* M (an ANSI standard general purpose language)


* Maple


* ML


* Perl


* Python


* Ruby (with IRB)


* Tcl (with the Tcl shell, tclsh)


* Windows PowerShell (Microsoft .NET
-
based CLI)

Interpreted languages


Interpreted languages
are programming languages which programs may be

executed
from source code form, by an interpreter.



* APL


* AutoIt scripting language


* BASIC (some dialects)


* Eiffel (via "Melting Ice Technology" in EiffelStudio)


* Forth (interactive s
hell only; otherwise compiled to native or threaded code)


* Frink


* J


* Lisp


* Lua (programming language)


* Lush


* M (an ANSI standard general purpose language)


* Maple


* Pascal (early implementations)


* PostScript


* Python


* REXX


* Spin programming language


* VBScript


* Windows PowerShell (Microsoft .NET
-
based CLI)

Iterative languages


Languages built around or offering generators



* Aldor


* Alphard


* CLU


* Eiffel, through "agents"


* Icon


* IPL
-
v


* Lua


* Lush


* Python


* Sather

List
-
based languages


LISPs


List
-
based languages are a type of data
-
structured language that are

based upon
the list data structure.



* Joy


* Lisp


o Common Lisp



o Arc


o** CodeSimian (like Lisp, but made with Java)


o Dylan


o Scheme


o Logo


* Lush


* Tcl


* TRAC

Logic
-
based languages

Logic
-
based languages specify a set of attributes that a solution

must have,
rather than a set of steps to obtain a solution. Examples:



* ALF


* Curry


* Janus


* Leda


* Oz


o Mozart Programming System a multiplatform Oz


*

Poplog


*
Prolog (formulates data and the program evaluation mechanism as a
special

form
of mathematical logic called Horn logic and a general

proving mechanism
called logical resolution)


o Mercury (based on Prolog)


o Strawberry Prolog (standard Prolog with some extensions)


o Visual Prolog (object
-
ori
ented Prolog extension)


* ROOP

Metaprogramming languages


Metaprogramming is writing of programs that write or manipulate other

programs
(or themselves) as their data or that do part of the work

that is otherwise
done at run time during compile time. I
n many cases,

this allows programmers to
get more done in the same amount of time as

they would take to write all the
code manually.



* Curl


* Forth


* Lisp


* Maude


* Nemerle


* Python

Multiparadigm languages


Multiparadigm languages
support more than one programming paradigm.

They allow
a program to use more than one programming style.

The goal is to allow
programmers to use the best tool for a job,

admitting that no one paradigm
solves all problems in the easiest or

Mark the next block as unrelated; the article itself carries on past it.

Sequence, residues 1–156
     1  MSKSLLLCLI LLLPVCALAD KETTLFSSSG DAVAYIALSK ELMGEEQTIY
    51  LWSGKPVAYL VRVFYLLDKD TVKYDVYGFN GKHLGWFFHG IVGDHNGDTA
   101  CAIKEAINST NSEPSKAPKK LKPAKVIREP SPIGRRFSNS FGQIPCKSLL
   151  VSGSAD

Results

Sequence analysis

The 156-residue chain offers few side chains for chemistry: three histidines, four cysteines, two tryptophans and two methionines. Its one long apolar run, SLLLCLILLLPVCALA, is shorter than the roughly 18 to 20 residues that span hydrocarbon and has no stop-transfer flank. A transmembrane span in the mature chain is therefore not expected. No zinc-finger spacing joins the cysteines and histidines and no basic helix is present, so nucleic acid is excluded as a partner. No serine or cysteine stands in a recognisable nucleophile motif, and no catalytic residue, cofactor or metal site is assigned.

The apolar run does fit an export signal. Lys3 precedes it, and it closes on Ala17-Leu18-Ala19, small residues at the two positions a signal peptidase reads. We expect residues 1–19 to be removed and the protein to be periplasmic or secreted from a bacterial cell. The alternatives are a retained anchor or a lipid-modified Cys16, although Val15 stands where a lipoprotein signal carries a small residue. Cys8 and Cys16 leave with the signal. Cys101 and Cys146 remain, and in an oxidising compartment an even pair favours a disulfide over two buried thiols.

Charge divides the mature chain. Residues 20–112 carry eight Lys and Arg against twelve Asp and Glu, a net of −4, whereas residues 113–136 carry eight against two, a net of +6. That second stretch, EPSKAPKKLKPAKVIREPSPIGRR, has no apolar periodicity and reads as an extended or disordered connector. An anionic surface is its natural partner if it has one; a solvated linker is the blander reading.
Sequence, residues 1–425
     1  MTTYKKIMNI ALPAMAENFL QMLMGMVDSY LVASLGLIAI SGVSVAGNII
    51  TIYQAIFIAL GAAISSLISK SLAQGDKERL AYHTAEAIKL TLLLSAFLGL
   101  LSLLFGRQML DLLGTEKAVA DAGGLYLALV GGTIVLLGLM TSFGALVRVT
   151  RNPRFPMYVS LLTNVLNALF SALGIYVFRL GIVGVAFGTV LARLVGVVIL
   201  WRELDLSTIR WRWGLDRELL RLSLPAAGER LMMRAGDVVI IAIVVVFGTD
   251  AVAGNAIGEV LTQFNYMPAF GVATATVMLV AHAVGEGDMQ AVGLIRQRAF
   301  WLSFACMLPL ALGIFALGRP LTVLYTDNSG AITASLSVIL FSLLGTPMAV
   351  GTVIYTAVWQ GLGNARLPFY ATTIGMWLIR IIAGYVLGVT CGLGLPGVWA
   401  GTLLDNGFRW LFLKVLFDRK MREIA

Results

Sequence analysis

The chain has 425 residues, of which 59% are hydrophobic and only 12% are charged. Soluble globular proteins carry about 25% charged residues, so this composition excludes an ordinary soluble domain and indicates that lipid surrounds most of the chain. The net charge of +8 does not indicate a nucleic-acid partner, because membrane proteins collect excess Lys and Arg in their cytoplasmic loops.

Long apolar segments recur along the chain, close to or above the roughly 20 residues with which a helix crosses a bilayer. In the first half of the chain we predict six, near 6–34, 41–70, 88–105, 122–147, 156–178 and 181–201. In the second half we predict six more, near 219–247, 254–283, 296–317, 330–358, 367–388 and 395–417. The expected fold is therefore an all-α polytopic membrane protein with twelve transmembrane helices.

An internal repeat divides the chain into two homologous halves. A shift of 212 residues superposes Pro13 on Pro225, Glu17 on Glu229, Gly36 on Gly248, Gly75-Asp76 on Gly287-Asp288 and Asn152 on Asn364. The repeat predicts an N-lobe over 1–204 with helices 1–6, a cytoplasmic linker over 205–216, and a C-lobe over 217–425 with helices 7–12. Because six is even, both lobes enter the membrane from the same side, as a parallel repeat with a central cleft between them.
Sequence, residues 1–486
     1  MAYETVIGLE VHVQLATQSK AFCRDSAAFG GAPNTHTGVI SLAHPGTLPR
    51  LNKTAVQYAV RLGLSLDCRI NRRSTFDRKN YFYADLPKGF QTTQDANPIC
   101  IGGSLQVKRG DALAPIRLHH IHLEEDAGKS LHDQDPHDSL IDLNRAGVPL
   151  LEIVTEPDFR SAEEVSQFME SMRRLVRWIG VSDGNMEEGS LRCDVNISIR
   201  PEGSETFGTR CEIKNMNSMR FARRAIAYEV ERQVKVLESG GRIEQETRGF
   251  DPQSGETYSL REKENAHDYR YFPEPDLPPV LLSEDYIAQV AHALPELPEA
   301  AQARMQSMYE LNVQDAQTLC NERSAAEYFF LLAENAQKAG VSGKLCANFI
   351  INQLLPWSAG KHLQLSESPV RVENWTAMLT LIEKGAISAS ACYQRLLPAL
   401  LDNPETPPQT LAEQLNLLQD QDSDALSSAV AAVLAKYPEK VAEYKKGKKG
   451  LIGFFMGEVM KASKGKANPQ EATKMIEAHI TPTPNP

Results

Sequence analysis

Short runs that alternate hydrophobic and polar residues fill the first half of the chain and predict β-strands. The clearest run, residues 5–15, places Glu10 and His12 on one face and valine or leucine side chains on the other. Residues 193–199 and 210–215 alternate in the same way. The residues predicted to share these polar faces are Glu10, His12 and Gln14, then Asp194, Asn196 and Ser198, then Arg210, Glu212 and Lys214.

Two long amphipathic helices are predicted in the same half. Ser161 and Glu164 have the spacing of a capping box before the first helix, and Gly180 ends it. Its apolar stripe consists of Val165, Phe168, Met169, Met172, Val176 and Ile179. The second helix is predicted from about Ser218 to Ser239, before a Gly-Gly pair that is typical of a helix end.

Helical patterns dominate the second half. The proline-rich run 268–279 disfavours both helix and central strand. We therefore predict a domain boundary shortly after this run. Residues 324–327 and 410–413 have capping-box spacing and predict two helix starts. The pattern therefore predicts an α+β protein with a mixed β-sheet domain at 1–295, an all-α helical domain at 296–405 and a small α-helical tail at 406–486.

most efficient wa
y.



* Ada (concurrent, distributed, generic (template metaprogramming), imperative,
object
-
oriented


* ALF (functional, logic)


* APL (functional, imperative)


* BETA (functional, imperative, object
-
oriented (class
-
based))


* ChucK (imperat
ive, object
-
oriented, time
-
based, concurrent, on
-
the
-
fly)


* Common Lisp (functional, imperative, object
-
oriented (class
-
based), aspect
-
oriented


* Corn (concurrent, generic, imperative, object
-
oriented (class
-
based))


* Curl (functional, imperati
ve, object
-
oriented (class
-
based), metaprogramming)


* Curry (concurrent, functional, logic)


* D (generic, imperative, object
-
oriented (class
-
based))


* Dylan (functional, object
-
oriented (class
-
based))


* ECMAScript (functional, imperative, o
bject
-
oriented (prototype
-
based))


o ActionScript


o DMDScript


o E4X


o JavaScript


o JScript


* Eiffel (imperative, object
-
oriented (class
-
based), generic)


* J (functional, imperative, object
-
oriented (
class
-
based))


* LabVIEW (dataflow, visual)


* Lasso (macro, object
-
oriented (prototype
-
based), procedural, scripting)


* Lava (object
-
oriented (class
-
based), visual)


* Leda (functional, imperative, logic, object
-
oriented (class
-
based))


* Lua (functional, imperative, object
-
oriented (prototype
-
based))


* Maple


* Metaobject protocols (object
-
oriented (class
-
based, prototype
-
based))


* Nemerle (functional, object
-
oriented (class
-
based), imperative,
metaprogramming)


* Objec
tive Caml (functional, imperative, object
-
oriented (class
-
based))


* Oz (functi
onal (evaluation:eager,lazy),logic,constraint,
imperative,object
-
oriented,concurrent,distributed)


o Mozart Programming System (multiplatform Oz)


* Object Pascal
(imperative, object
-
oriented (class
-
based))


* Perl (imperative,functional(can't be purely func),
object
-
oriented,class
-
oriented,aspect
-
oriented(through modules))


* Pliant (functional, imperative, object
-
oriented (class
-
based))


* Poplog (function
al, imperative, logic)


*** ppC++ (imperative, object
-
oriented (class
-
based))


* Prograph (dataflow, object
-
oriented (class
-
based), visual)


* Python (functional, object
-
oriented (class
-
based))


* REBOL (functional, object
-
oriented (prototype
-
b
ased))


* ROOP (imperative, logic, object
-
oriented (class